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Like the decision to keep the crew names off the patch, the choice to use the Arabic numerals "11" instead of "XI" or even "eleven" was purposeful. Neil Armstrong disliked spelling out "eleven," because it wouldn't be easily understandable to foreigners, so the crew decided on "11."
Fellow astronaut Jim Lovell suggested they use an eagle, the national bird of the United States, as the focus of the patch. Running with that proposal, Michael Collins found a picture of an eagle in a book about birds and traced it. He then sketched in a field of craters beneath the eagle's claws and the earth behind its wings.
The crew felt the patch didn't quite tell the right story. Tom Wilson, the Apollo 11 simulator instructor, suggested they add an olive branch as a symbol of the peaceful expedition. The crew was delighted with that notion and Collins quickly modified the sketch to have the eagle carrying the olive branch in its beak.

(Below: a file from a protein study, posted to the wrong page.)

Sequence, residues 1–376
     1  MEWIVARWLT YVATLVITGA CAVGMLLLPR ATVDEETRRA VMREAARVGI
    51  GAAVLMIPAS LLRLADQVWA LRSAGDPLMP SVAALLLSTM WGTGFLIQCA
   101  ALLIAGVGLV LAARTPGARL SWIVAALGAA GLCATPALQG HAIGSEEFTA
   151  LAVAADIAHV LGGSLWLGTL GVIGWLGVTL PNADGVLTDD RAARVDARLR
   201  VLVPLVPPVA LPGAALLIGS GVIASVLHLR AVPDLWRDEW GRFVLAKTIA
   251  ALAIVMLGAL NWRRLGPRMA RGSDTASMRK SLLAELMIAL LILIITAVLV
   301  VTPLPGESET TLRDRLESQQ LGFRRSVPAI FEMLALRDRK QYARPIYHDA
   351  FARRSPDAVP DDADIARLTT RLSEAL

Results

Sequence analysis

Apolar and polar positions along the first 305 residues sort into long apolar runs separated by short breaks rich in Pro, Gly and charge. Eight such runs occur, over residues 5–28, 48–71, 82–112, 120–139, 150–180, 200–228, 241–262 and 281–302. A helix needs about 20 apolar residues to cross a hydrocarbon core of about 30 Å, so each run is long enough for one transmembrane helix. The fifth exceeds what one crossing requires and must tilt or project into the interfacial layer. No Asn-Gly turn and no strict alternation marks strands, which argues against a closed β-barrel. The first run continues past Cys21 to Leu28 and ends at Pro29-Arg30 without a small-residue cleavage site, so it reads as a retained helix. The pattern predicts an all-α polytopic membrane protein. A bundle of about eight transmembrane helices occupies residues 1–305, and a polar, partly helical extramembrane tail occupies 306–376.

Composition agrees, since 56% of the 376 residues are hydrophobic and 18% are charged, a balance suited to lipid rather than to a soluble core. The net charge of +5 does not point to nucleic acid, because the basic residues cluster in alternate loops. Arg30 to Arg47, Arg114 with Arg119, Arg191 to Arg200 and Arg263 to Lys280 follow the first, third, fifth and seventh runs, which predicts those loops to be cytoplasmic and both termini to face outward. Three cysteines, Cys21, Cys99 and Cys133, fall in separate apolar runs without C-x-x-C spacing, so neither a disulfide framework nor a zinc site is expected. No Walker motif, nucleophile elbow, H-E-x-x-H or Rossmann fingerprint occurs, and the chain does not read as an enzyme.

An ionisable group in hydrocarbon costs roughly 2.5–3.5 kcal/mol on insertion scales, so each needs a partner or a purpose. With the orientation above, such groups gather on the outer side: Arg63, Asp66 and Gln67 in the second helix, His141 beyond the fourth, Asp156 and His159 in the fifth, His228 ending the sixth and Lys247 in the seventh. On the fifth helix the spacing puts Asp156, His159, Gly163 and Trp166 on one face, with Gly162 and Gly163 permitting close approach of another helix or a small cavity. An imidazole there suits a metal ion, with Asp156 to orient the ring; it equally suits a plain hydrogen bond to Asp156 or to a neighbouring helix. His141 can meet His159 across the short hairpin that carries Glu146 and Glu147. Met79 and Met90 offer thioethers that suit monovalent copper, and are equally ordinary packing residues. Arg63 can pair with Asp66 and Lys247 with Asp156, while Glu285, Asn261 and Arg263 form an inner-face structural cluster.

After making a few detail-oriented decisions, the patch was submitted for approval. However, the initial patch design was rejected. Bob Gilruth, the director of the then-named Manned Spacecraft Center, saw the eagle landing with its talons extended as too hostile and warlike. So, the olive branch was transferred from the eagle's mouth to his talons and the patch design was complete.

How does the last paragraph contribute to the development of ideas in the passage?
A.
It clarifies the idea that the purpose of the space program is to advance science, not develop weapons.
B.
It reiterates that the Apollo 11 lunar landing is one of the most recognized NASA missions in history.
C.
It introduces the idea that professional artists should design the patches, not the crew members.
D.
It implies that the crew wanted to use the eagle because they all came from military backgrounds.

1 Answer

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Answer:

It reiterates that the Apollo 11 lunar landing is one of the most recognized NASA missions in history.

Explanation:

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Eldora Ebert Jr.
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answered 1 year ago